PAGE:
Learning How to Help Your Adopted Child Heal from Childhood Trauma

If you are the parent of an adopted child with trauma, you understand that the struggle is real. Finding ways to help your child heal and learn to trust can be a long and difficult journey. I went through many of the same struggles that you might be experiencing now. Back then, I was unprepared for many of the more serious behaviors that accompany child trauma, including:

  • Lying
  • Manipulation
  • Peer aggression
  • Isolation
  • Seemingly unsolvable learning disabilities
  • ADHD
  • RAD
  • ODD
  • And other significant issues

These behaviors can make it hard for us to connect with our children to help them heal and form healthy relationships and behaviors. But there is hope!

Childhood Trauma is a Real Brain Injury

When a child repeatedly experiences trauma, it causes them to constantly be in what is referred to as “fight or flight” mode. Research has found that constantly being prepared to fight or run from danger can actually cause real damage to the brain, particularly the Amygdala, which regulates our emotional responses. The good news is that the brain is constantly growing and healing itself through the age of 25, allowing us time to help our children with trauma heal, learn to trust and form healthy relationships with others. 

It Takes a Village to Help Your Child Heal

Trauma is a result of Adverse Childhood Experiences (ACE). The more repeated and extreme the trauma, the higher your child’s ACE score will be, which can result in a longer journey of working toward healing. But with the right guidance and support, you can help your child heal. This process will require an entire team of people from church leaders to family to educators, who will all need to be on the same page when it comes to what needs to be done to help your adopted child with trauma.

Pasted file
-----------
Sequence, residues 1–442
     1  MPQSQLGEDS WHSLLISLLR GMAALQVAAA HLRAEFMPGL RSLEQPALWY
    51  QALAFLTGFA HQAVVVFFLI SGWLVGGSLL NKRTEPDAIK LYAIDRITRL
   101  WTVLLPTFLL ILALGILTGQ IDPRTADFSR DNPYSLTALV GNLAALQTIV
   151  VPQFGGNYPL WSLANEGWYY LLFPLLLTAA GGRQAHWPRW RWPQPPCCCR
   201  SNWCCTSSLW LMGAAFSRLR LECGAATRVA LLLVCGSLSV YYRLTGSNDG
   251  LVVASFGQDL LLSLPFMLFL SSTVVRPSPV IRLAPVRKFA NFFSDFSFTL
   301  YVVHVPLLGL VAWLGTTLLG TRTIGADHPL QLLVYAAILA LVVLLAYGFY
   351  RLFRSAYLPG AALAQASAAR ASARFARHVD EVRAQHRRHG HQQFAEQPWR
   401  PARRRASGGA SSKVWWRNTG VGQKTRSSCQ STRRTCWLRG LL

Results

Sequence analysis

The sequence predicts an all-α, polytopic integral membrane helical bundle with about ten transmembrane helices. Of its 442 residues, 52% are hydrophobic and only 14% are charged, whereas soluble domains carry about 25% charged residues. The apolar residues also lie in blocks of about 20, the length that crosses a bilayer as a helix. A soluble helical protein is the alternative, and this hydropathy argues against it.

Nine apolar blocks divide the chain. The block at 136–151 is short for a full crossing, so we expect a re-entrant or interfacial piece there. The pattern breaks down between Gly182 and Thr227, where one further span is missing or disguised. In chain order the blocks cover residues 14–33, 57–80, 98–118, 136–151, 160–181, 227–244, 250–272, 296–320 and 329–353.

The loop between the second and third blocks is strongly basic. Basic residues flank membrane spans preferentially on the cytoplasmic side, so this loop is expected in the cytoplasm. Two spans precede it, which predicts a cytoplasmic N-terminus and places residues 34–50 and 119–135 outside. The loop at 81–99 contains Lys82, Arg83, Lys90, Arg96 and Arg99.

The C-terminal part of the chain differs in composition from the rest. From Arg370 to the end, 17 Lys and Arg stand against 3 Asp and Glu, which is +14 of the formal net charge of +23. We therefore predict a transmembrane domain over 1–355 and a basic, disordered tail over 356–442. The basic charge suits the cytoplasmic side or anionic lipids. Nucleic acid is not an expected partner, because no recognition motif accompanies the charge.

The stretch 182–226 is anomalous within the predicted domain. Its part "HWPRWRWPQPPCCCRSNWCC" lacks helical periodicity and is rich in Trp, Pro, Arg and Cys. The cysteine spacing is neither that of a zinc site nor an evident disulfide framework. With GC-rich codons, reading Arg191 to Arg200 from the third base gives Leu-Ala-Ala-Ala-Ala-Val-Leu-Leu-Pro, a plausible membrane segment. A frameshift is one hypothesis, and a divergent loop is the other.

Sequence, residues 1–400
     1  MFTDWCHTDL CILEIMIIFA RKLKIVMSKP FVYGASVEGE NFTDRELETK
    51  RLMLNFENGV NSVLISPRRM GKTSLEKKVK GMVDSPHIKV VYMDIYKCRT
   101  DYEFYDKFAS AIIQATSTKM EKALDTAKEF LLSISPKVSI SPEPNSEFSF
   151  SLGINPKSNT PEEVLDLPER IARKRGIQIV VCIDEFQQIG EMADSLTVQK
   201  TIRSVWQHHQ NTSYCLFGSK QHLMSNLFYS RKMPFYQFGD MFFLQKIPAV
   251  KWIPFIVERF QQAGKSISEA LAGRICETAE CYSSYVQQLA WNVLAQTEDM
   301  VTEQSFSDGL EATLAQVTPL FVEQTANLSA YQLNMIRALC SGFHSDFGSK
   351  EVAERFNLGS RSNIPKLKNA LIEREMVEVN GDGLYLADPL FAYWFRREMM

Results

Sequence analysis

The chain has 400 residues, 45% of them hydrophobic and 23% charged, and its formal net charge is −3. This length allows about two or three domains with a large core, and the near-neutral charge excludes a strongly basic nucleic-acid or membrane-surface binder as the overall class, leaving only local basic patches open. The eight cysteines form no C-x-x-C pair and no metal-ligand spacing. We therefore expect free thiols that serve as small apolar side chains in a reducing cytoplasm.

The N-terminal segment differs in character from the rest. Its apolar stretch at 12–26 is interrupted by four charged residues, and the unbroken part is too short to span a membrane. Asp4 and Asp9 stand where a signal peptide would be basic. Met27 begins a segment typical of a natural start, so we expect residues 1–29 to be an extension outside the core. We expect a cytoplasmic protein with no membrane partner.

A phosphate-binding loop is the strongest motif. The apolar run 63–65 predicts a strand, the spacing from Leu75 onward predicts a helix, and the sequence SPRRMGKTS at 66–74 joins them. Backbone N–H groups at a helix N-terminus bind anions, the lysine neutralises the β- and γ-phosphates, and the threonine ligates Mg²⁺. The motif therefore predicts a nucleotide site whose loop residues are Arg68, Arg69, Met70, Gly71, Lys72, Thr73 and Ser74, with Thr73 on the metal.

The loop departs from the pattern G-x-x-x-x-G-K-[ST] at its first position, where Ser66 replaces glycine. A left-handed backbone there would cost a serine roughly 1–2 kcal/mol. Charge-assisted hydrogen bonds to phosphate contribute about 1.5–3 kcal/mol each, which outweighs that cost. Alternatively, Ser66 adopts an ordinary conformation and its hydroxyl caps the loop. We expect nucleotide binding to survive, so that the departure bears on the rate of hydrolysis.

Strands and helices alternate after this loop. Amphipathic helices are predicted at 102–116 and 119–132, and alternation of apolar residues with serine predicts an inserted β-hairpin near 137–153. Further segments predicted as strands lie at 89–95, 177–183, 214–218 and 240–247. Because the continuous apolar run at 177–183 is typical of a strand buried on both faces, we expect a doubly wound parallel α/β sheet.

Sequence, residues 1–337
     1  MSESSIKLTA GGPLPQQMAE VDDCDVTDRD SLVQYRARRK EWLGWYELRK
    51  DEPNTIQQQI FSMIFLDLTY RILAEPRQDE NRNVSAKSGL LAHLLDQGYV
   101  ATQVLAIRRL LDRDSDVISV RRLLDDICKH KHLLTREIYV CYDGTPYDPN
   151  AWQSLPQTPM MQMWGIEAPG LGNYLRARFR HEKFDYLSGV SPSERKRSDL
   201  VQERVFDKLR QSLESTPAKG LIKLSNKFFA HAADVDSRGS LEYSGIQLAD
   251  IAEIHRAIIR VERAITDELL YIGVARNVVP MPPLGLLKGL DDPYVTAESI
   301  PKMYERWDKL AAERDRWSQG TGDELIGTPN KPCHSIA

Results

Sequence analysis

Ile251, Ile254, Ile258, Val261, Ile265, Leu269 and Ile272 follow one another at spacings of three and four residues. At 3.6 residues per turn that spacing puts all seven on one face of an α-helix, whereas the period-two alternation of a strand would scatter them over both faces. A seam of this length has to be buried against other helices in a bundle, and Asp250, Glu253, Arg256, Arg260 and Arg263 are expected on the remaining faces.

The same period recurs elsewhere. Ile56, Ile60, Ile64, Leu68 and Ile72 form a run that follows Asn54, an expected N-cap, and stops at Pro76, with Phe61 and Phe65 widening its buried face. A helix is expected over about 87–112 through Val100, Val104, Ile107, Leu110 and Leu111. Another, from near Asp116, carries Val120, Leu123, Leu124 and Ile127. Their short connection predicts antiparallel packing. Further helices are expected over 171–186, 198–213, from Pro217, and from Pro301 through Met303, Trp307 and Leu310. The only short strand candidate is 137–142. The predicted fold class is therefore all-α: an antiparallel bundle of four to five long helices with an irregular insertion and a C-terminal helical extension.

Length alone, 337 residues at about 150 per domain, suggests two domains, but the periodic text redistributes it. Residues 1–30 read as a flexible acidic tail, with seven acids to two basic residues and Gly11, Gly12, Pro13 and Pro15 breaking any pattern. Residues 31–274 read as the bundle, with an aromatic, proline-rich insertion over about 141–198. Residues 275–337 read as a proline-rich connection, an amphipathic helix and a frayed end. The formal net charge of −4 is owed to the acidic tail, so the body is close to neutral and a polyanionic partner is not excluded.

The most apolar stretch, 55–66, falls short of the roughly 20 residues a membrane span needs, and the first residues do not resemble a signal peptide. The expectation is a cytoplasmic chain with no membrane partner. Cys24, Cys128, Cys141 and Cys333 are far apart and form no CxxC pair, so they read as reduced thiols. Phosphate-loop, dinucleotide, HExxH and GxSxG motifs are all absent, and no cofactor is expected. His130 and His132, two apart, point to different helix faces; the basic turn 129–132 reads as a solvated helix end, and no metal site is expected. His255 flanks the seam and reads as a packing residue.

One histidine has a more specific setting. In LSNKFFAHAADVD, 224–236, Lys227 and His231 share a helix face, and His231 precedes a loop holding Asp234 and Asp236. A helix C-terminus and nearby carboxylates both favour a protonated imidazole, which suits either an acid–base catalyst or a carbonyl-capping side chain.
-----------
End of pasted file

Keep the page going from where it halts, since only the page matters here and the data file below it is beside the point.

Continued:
Meet Your Child Where They Are

As a parent of a child with trauma, it is key that you get out of the mindset of parenting your kids where others say they should be developmentally. Rather, you must parent your kid “where they are.” Trauma can often cause delays in learning, connection and behavioral control and it is not uncommon for a child with trauma to act many years younger than their age. Our ability to offer stable, non-emotional responses to their behaviors is often key to their healing over time. 

ConclusionRemember that you are an amazing parent with a great child! By providing your child with a stable, nurturing environment, you can help your child to heal from their past traumas. Through my experiences parenting adopted children with trauma, I have developed a parenting system that has worked wonders for our kids. This system has brought a sense of peace to our entire family. If you are ready to learn more, I encourage you to download my free guide, “3 Keys for Parenting Adopted Kids with Trauma,” to aid you in your journey of helping your child with trauma heal over time.